In the 2010 book Thrive—the book “that put SLO on the map as the happiest city in America”—author Jim Buettner recounts how in the ’70s the city transformed a stagnant “reactionary” business community controlled by just a few powerful land owners and business leaders into an “American planning renaissance.”
Buettner uses this period of transition to show how, with citizen participation, the city’s focus shifted away from creating the perfect business environment to one that focused on quality of life.
Though the city flaunts Thrive on its website and other promotional literature, citizens involved in a process to update critical policies are attempting to keep that “progressive” trend going. For the average resident, studying proposed changes to a city’s general plan is as exciting as jury duty, despite the fact that the document is essentially the blueprint of how that city will look in 20 or so years.
The City of San Luis Obispo is currently in the thick of just that; a process that comes up every couple of decades. SLO is conducting what they call a “focused” update of two components of its General Plan, the Land Use Element (LUE) and Circulation Element (CE), which will provide guidelines for development and transportation issues citywide for the next 20 years. While the LUE directs the general location and intensity of residential, commercial, and other development, as well as open space and other land uses, the CE is specifically concerned with setting policies and goals pertaining to how people move around the city.
The budget for the update—roughly $870,000—is funded mainly from state grant funding from a 2006 voter-approved Proposition 84, part of the state Strategic Growth Council’s Sustainable Communities, Planning Grant, and Incentive Program. An additional amount of about $300,000 has been budgeted from city coffers to pay for an environmental impact report in compliance with the California Environmental Quality Act.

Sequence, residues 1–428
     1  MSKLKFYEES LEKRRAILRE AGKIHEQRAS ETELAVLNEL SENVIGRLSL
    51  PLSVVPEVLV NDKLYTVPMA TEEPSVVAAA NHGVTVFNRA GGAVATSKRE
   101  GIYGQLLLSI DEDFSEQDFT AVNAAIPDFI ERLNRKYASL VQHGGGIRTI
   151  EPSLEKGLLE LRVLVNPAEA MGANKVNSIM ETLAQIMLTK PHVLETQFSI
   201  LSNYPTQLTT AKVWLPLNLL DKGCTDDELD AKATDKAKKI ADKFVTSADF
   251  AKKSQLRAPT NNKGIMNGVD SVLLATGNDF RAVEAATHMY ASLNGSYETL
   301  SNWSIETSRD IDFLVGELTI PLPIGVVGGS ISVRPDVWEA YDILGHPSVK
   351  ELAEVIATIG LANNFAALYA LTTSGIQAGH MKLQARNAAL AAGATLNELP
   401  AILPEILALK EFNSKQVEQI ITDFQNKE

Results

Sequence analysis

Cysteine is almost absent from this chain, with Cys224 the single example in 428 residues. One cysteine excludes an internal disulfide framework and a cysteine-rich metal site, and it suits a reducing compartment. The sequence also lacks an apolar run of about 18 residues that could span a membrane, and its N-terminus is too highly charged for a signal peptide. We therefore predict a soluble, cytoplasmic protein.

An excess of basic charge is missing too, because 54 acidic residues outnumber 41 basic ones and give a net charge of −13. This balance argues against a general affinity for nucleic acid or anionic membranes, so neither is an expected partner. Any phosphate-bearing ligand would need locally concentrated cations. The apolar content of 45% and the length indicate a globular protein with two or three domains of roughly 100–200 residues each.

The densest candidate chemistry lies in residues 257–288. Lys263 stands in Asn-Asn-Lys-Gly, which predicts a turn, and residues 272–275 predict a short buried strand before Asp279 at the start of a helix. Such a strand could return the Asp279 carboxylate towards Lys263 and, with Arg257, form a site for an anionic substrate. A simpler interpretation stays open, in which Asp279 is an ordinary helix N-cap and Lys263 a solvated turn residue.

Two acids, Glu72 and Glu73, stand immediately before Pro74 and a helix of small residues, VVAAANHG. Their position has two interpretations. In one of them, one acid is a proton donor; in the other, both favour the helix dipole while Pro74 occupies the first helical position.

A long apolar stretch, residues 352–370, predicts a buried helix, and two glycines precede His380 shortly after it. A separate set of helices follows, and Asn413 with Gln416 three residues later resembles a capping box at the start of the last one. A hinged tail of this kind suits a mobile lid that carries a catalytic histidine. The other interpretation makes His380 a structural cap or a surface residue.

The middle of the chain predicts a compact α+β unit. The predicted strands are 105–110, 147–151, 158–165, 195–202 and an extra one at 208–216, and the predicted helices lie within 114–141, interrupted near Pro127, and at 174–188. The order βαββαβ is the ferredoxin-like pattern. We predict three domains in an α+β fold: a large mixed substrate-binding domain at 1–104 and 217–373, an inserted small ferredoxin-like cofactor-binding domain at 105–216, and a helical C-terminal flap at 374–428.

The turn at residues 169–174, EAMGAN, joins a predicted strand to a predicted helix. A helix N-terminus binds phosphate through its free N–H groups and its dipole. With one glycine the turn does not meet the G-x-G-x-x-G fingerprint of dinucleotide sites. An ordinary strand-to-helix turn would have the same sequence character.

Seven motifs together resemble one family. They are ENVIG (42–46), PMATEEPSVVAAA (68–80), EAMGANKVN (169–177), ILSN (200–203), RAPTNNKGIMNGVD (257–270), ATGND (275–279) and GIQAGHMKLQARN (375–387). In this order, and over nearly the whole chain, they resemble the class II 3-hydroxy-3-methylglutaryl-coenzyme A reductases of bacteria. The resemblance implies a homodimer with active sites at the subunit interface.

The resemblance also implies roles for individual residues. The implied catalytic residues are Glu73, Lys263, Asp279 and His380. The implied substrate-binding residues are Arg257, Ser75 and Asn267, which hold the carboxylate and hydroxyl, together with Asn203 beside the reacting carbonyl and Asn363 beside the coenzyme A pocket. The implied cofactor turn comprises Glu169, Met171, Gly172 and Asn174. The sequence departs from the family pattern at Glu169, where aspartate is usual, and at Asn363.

An all-volunteer citizen panel—the Land Use and Circulation Element Task Force—will preside over a series of workshops and public hearings on the update, and presumably provide feedback that’s representative of the population as a whole. It’s filled with volunteer members of the business, real estate, and environmental communities, as well as representatives from neighborhood groups.
It includes current and former planners such as county planning commissioner Eric Meyer; Cal Poly Department of City and Regional Planning Chair Hema Dandekar; and recent appointee, former city planning director and current planning commissioner Mike Multari. Reps from the local business and real estate community include architect and SLO Greenbuild member Chuck Croster; real estate attorney Dave Juhnke; real estate broker Chris Richardson; business attorney and SLO Builders Association member Jon Goetz, also a sitting board member of the Economic Vitality Corporation and the Chamber of Commerce; designer Chamber of Commerce and Obispo Beautification Association board member Pierre Rademaker; and developers Rob Rossi and Matt Quaglino.
Neighborhood- and area-specific representatives include Save Our Downtown’s Russell Brown; Residents for Quality Neighborhoods (RQN) President Sandra Rowley; Sierra Club and RQN member Carla Saunders; and League of Women Voters of San Luis Obispo County Director Sharon Whitney. The environmental community is also represented by Sierra Club and Land Conservancy member Walter Bremer.
The process so far has focused on public outreach, including surveys and community workshops. Staff has since taken that data and incorporated it into what they call a Legislative Draft, where changes in old language in both the CE and LUE are presented with a strikethrough, and new language is presented with an underline.